Opinion: As winter bites, Putin has a new tactic


This week, Ukraine’s Deputy Prime Minister Iryna Vereshchuk went so far as to warn citizens who fled the country when Russia invaded not to return home this winter amid prolonged blackouts caused by strikes on the power grid.

“We must survive the winter,” he said, “[If people come back] the power grid may fail.”

Electricity rationing has become the new grim reality of war as Russia tries to destroy Ukraine’s economic capacity and force its leaders to the negotiating table.

Russia has hit Ukraine’s critical infrastructure with missile and drone attacks in recent weeks — 30% of the country’s power plants have been destroyed, according to President Vladimir Zelensky.
Its energy minister has warned that Ukraine may need to import electricity to survive the winter. Until recently, Ukraine exported electricity to the EU market.

Increasing the pressure

The Russian military’s poor performance on the battlefield, particularly in recent months, has prompted President Vladimir Putin and his generals to change tactics. As Ukrainian forces continue to retake the strategically important city of Kherson, Russia’s military campaign has shifted to cutting off electricity and heat from civilians.
As Ukrainians stock up on candles and firewood to prepare for power outages in winter temperatures that dip below -20 degrees Celsius (-4 Fahrenheit), Western leaders must consider what they can do to prevent Putin from targeting Ukrainian civilians and creating a humanitarian crisis. disaster
For European countries, there is great concern that the collapse of Ukraine’s energy infrastructure could bring the economy to its knees and dramatically increase the number of refugees heading west. An estimated 8 million Ukrainians have fled to EU countries to escape the war, according to Schengen Visa data.
Putin is increasingly forced to engage in new, asymmetric ways of warfare because he risks losing the underperforming Russian army on the battlefield if further demoralized. The spectacular withdrawal of the forces deployed in northeastern Ukraine in September was a demonstration of the fragility of the Russian military.

On the contrary, the Ukrainian army continues to show more resistance than the Kremlin expected. Western countries have provided enough equipment and training to mount a serious counterattack and threaten to retake all the territory taken since the full-scale invasion began in February.

The latest mobilization of Russia’s roughly 300,000 troops has looked grim, with some reportedly sent to the front without proper equipment or refresher training. These reinforcements will quickly become nothing more than active if they are not motivated to fight.

For the Russian population, the initial mobilization means that the conflict in Ukraine is no longer an abstraction seen on television as a ‘special military operation’, as Putin keeps saying. Instead, it is a war in which ordinary Russians are expected to die, for reasons that are neither clear nor believable.

Energy as a weapon of war

Moscow’s targeting of power plants is a clear violation of international humanitarian law. Its aim is to inflict suffering on the civilian population and to convince Ukrainians that the price of continuing to fight is too high.
In the first months of the war, Russian missile attacks destroyed Ukraine’s largest oil refinery and many of its fuel storage facilities. The aim was to stop the Ukrainian army from moving its vehicles. After the initial outage caused shortages of diesel and gasoline in Kyiv and other major cities, Ukraine found alternative supplies from several EU countries that have so far held firm.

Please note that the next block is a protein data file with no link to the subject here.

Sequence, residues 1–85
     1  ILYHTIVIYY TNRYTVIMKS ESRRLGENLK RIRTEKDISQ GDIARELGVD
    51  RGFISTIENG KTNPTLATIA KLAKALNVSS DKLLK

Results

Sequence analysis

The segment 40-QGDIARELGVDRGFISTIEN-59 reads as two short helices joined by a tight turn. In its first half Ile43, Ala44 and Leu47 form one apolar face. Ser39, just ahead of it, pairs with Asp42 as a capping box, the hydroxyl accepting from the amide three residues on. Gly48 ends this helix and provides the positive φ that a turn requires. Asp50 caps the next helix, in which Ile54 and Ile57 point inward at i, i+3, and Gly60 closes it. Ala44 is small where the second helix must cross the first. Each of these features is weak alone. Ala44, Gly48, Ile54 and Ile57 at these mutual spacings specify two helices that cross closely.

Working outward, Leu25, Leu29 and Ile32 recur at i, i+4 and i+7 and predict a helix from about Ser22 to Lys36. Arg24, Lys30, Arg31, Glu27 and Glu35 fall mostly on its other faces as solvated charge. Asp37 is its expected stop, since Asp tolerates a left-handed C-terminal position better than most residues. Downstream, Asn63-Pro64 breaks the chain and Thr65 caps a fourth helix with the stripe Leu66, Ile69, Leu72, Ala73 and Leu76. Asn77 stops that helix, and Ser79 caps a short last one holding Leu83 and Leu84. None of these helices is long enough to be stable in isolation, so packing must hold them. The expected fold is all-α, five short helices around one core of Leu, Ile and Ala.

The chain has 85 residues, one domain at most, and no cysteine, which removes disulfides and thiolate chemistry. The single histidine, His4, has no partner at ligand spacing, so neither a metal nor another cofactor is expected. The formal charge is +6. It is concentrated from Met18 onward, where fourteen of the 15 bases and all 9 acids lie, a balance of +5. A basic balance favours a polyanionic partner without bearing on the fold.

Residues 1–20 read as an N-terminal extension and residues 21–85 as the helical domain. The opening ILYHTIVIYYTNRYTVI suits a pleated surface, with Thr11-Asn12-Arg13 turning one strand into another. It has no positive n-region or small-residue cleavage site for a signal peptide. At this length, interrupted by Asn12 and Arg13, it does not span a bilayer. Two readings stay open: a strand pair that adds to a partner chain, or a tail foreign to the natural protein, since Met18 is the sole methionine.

At the same time, Putin’s efforts to persuade Ukraine’s European allies to stop supporting the war effort to use gas as a weapon have failed despite the high costs of subsidizing expensive alternatives to Gazprom’s supply.
Crucially, Germany, Europe’s largest economy, which before the war imported 55% of its gas from Russia, now has enough gas stored from other sources to see it through the winter without major disruptions.

How the West should respond

To counter Putin’s latest escalation, European governments must be prepared to accept more refugees in the short term. At the same time, NATO countries must supply more weapons to strengthen Ukraine’s air defenses, as well as provide resources to help Ukrainian engineers repair damage to power plants.

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Putin is in a desperate race against time. The longer the war drags on, the greater the risk that Russia’s economic and human losses will undermine its hold on power. Support for the war is dwindling and unprecedented Western sanctions are taking an increasingly toll.
China and India, Russia’s most important allies, have also expressed concern about Putin’s actions.
As Moscow tries to intimidate the West with the possibility of deploying a nuclear weapon in Ukraine, it has chosen a conventional strategy to try to reverse its fortunes on the battlefield.
So far, Ukraine has coped well with the economic consequences of the war. Basic services, including transport and telecommunications, have continued and despite the 30% devaluation, the currency has not collapsed.
However, the country’s budget deficit is growing and is expected to reach 40,000 billion dollars by the end of the year, equivalent to 30-40% of GDP.

With Russia focused on destroying the energy sector, Ukraine’s need for macro-financial assistance from its Western allies could grow dramatically.

The real test of the West’s commitment to Ukraine is about to come. For Ukraine to be victorious in this war, Western governments will have to dig much deeper and provide the country with the military and financial resources it needs to continue fighting.